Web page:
Growing up, girls are encouraged to "be nice." But new research suggests that being too nice can be detrimental to your personal and professional life (fewer promotions and raises).
Related: Hungry? Try one of these 30 healthy snacks
"Women are raised and socialized to 'do the right thing' and to 'be nice,' and not trained enough in being assertive," says Kiki Weingarten, co-founder of DLC Executive Coaching and Consulting in New York City. "Assertiveness doesn't mean being nasty, or rude, or a b*tch, or any of the other negative connotations. Assertiveness means being able to stand up for yourself and your own best interests without knocking anyone else down or being nasty."
According to Craig English, co-author of Anxious To Please: 7 Revolutionary Practices For The Chronically Nice, you might be a chronically nice person if...
1. You are always longing for something (or someone)
2. You feel worried or fretful so often it seems normal
3. You can't
- Healthy SELF, SELF Magazine | Healthy Living – Wed, Aug 18, 2010 7:29 PM EDT
The Scene: "Now, I'm the kind of person who, when a ninth-generation Indonesian medicine man tells you that you're destined to move to Bali and live with him for four months, thinks you should make every effort to do that," Elizabeth Gilbert writes after an Indonesian medicine man did exactly that. And she did, indeed, move to Bali, where she made life-changing discoveries.Read More »from SELF'S EPL PROJECT, DAY 3: Find Yourself a Medicine Man or at Least a Welding Class
More From SELF's EPL Project: Day 1: Yoga Moves to Makeover Your Body and Mind
The Reality: Most of us aren't headed to the South Pacific! It's hard enough to get to the Jersey Shore or even the local park. That's why we watch Lady Gaga--to escape our own reality. But here's news: watching other people's lives is NOT an excuse for not living yours.
Be someone you aren't! If only once a week--or for a week.
We hear it all the time: Do something radical and uncover the real you. The flying trapeze! Belly dancing! But does it really work?
Meet Laine Bergeson, a senior editor at Experience Life magazine based in St.
- Healthy SELF, SELF Magazine | Healthy Living – Wed, Aug 18, 2010 7:21 PM EDT
The Scene: The author Elizabeth Gilbert is sobbing on her bathroom floor "for something like the forty-seventh consecutive night." She'd finally arrived at the place in life she'd thought she wanted--the house, the apartment, and the husband, with an eye toward kids--only to find she didn't want that life at all.Read More »from SELF'S EPL PROJECT, DAY 2: Permission to Freak Out, Granted
Bonus: Hungry? Try one of these 30 delicious snacks now
The Reality: Okay, maybe we haven't cried 47 nights in a row, but who hasn't had a late-night meltdown--or hyperventilated in the office bathroom--over the life we're actually living? We're obsessed about whether we've chosen the right career, the right job, or the right relationship. We have babies, then leave them with strangers. We set aside friends, family and events for long hours at the office and agonize over whether it's worth it. After the freak out, what's next?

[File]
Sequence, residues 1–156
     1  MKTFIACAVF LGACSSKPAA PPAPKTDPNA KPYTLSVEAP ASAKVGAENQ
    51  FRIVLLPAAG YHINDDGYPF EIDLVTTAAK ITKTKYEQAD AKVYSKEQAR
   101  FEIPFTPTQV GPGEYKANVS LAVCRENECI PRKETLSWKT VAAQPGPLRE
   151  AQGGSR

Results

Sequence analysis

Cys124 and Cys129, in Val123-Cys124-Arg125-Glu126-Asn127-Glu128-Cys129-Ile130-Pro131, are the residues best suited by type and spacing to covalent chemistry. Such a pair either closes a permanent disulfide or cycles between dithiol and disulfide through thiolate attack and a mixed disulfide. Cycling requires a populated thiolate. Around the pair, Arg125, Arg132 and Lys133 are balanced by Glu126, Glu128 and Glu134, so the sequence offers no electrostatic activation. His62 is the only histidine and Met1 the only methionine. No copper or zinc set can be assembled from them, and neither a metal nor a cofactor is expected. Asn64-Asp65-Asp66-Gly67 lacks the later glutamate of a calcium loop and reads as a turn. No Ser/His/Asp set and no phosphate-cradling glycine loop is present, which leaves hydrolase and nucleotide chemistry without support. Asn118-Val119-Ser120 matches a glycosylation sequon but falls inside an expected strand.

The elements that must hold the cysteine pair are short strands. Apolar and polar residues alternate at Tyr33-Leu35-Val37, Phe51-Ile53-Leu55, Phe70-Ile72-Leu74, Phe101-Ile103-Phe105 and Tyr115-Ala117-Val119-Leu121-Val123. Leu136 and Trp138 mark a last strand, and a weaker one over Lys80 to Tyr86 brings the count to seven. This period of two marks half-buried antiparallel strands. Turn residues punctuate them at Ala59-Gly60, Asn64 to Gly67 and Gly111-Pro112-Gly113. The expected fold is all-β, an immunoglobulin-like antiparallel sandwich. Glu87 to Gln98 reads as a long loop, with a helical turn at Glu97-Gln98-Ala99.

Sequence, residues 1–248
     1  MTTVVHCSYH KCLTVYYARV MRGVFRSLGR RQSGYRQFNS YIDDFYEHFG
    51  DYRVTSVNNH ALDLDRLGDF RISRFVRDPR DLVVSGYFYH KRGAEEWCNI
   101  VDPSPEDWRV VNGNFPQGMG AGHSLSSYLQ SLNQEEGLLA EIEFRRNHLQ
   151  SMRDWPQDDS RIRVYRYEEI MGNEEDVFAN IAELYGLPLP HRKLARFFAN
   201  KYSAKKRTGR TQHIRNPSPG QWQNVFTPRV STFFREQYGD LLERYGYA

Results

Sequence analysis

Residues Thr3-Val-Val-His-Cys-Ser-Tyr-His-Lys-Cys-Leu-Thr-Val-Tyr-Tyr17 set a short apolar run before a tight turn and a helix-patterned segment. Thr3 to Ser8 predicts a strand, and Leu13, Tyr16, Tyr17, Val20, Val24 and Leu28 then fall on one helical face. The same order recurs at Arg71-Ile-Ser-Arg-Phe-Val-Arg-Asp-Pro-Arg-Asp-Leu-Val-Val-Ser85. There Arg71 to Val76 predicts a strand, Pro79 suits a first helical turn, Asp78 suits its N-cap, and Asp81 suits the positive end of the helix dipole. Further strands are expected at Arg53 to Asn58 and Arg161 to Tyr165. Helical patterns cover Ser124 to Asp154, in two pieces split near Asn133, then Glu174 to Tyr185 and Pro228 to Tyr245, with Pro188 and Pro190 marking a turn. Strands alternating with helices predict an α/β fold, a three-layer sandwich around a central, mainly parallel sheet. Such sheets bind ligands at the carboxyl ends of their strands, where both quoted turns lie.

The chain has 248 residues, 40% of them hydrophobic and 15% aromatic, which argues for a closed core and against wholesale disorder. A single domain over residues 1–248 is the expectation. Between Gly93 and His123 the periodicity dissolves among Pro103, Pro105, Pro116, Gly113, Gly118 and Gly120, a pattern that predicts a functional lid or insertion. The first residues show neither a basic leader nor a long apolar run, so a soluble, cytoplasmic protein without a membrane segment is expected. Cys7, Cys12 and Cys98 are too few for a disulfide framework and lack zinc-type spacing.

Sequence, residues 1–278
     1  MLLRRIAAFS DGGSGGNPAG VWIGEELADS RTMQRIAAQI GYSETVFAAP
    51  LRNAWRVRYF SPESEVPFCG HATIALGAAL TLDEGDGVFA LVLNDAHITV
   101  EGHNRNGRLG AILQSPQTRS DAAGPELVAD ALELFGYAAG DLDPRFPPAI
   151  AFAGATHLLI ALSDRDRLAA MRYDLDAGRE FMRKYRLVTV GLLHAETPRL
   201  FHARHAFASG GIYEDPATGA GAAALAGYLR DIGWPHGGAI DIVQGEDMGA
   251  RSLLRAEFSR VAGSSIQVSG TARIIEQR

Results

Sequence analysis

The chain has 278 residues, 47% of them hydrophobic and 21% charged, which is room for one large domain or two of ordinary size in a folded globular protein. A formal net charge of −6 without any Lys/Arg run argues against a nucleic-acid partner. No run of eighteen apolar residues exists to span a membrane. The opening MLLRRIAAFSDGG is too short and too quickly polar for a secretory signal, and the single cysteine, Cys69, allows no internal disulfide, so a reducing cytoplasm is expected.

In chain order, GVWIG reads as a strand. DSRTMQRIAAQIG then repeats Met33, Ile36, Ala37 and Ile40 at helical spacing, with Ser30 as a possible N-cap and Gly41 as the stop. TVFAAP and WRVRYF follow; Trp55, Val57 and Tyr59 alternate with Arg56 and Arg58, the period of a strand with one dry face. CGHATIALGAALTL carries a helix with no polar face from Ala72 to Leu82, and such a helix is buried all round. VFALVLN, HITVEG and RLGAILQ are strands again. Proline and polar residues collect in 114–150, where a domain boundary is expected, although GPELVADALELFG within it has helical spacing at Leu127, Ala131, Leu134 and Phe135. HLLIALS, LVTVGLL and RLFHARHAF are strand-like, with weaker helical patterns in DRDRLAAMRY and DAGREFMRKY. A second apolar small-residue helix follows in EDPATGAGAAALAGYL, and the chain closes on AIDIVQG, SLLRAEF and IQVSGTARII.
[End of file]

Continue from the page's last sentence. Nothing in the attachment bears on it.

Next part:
Ask some obvious questions. You may receive unexpected answers. Despite the fact that she was a successful writer who often examined herself in her
By Jenny Everett, SELF magazineRead More »from Is It Healthier to Be Too Busy or Too Bored?
Are you so busy today that you're not even sure how you'll make it through the rest of the week?
Believe it or not, it's better than the alternative. A new study published in the Journal Psychological Science confirms that busy people are happier than those who are idle or have more I'm Bored (insert whiney voice) downtime.
Tiring as it may be, accomplishing a bazillion little things in a day (from tackling soap scum on the shower door to finishing a big work project) is like a happy pill. On the flip side, lazy days tend to leave people feeling a little blue.
Related: Find your happy weight and body bliss!
"Boredom can make the most beautiful day a drag," says Kiki Weingarten, co-founder of DLC Executive Coaching and Consulting in New York City. "It saps creativity, energy, enthusiasm, and can sometimes get people ruminating and brooding on what's wrong in their lives. This can begin a downward spiral that's harder to get out of than if they'd just
- Healthy SELF, SELF Magazine | Healthy Living – Tue, Aug 17, 2010 8:55 PM EDT
If you're one of the millions of women who read "Eat Pray Love" or saw the Julia Roberts movie this past weekend, you might be wondering how you can achieve the "EPL" lifestyle -- without booking a flight to Bali.
We talked to yoga teacher Mandy Ingber, who currently trains Jennifer Aniston, about how you can use yoga to detox (after a big meal), meditate (aka pray) and open your heart (to love). This is what she told us!